Naft and fellow Clark County Commissioner Justin Jones highlighted improvement projects on Fort Apache Road and Starr Avenue that aim to redo roads that only considered moving vehicles in the fastest way possible.

Two of three phases of improvements are completed on Fort Apache Road, Jones said. Roadwork has been completed north of Huntington Cove and when finished will connect to Blue Diamond Road. The project includes widening the road and adding buffered bike lanes.

“The goal is not to build roads; it’s to build communities,” Jones said.

Naft said road infrastructure such as bike lanes with curb barriers and detached sidewalks that put landscaping between the road and pedestrians would make a real difference.

Safer roads create several benefits beyond safety, Naft said, including improving quality of life, raising property values and saving taxpayers money.

“Why on earth roadway systems were ever designed to put human beings inches away from cars driving at such high rates of speed, I don’t know, but I think it’s time we start getting serious about not following that mindset anymore,” Naft said.

Roads that put bicyclists in the most precarious positions, Breen said, are ones that don’t give a cyclist enough room, forcing them to share the lane with vehicles.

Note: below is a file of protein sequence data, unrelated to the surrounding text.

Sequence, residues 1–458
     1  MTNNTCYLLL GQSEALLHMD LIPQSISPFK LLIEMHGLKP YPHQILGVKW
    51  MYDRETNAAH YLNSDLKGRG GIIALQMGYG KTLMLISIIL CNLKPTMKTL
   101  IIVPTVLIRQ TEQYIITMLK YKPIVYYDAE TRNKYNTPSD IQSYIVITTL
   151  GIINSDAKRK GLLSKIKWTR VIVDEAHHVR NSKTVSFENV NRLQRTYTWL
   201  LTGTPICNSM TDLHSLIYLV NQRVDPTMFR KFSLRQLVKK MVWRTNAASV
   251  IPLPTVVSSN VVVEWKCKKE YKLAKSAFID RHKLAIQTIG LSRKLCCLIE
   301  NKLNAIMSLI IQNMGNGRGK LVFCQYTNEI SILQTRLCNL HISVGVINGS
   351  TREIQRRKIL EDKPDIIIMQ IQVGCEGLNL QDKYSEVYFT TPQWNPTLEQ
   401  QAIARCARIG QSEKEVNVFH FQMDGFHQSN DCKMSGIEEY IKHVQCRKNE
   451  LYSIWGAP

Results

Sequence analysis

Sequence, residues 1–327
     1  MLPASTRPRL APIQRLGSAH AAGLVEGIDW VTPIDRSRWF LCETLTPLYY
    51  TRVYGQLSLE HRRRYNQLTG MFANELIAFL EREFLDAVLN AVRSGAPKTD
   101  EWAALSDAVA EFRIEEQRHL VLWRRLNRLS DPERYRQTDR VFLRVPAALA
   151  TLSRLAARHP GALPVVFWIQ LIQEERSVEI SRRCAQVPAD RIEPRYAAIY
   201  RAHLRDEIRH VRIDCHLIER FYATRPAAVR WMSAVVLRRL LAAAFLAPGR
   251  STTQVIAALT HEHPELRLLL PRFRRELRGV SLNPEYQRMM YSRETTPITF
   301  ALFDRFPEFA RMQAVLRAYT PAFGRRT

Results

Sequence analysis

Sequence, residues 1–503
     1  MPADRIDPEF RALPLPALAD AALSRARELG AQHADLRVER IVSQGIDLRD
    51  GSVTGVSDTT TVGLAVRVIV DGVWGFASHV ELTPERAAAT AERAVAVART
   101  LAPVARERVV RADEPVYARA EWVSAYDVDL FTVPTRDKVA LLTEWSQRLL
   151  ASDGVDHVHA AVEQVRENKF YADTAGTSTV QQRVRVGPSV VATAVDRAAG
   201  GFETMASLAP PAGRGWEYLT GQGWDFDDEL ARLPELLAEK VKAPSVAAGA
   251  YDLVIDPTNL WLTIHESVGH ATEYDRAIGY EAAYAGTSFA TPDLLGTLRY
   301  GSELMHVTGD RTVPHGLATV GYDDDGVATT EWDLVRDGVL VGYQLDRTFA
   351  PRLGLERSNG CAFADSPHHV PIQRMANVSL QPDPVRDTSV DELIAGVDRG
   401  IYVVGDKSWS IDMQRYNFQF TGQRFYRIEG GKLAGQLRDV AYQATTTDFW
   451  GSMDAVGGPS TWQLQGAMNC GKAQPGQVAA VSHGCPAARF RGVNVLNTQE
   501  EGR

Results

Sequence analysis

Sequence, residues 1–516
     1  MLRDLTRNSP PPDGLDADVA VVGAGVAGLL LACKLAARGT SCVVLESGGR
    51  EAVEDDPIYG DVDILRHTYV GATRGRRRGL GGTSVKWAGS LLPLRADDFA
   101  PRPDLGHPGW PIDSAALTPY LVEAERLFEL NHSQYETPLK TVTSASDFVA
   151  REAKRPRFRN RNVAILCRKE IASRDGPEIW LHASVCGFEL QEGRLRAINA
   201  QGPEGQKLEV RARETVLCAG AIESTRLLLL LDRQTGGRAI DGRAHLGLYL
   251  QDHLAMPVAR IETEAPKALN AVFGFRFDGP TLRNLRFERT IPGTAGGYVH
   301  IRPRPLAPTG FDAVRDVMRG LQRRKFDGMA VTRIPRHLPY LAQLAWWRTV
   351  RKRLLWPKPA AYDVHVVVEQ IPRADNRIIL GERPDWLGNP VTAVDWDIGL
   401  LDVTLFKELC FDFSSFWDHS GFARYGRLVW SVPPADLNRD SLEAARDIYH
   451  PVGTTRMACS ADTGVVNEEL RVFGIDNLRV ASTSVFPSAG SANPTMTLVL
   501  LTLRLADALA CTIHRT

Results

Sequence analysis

She pointed to a stretch of Main Street from Wyoming Avenue to Bonneville Avenue as being safer for cyclists because the design of the road naturally slows down vehicles along with a posted 30 mph speed limit. Making roads more appealing to walkers and cyclists will bring more customers to local businesses.

“You can’t see what people are selling when you’re passing at 40 mph,” Breen said.

Near misses

Craig Davis was rollerblading near Tenaya Way and Centennial Parkway on his way to the Northern Beltway Trail when he was nearly struck twice by a speeding vehicle. That happened about a week before Probst was intentionally struck by teens in a stolen car in the same area.

Davis said the occupants laughed as they passed him and made a U-turn before narrowly missing him again. He tried to report the near miss to Las Vegas police but received little response.

The Metropolitan Police Department said it does not take near-miss reports because it would be overwhelmed with reports. Police investigate near misses that are determined to be intentional.

Davis founded cyclistvideoevidence.com, which advocates for cyclist safety and tracks near miss crashes on its incident management system.

“We don’t believe collisions are inevitable,” he said.

Davis doesn’t advocate for changes to the law or road improvements. Instead he focuses on pushing for enforcement of existing laws such as reckless driving and assault.

Near misses and the fear of collisions are what stop avid cyclists from riding and prevents people from taking up biking in the first place, Davis said.

“The vast majority of drivers are safe drivers. It only takes one to kill somebody,” he said. “But these incidents do happen, and they need to be taken seriously. We can change dangerous drivers’ behavior before tragedies occur by enforcing existing laws for near miss incidents.”

Contact David Wilson at dwilson@reviewjournal.com.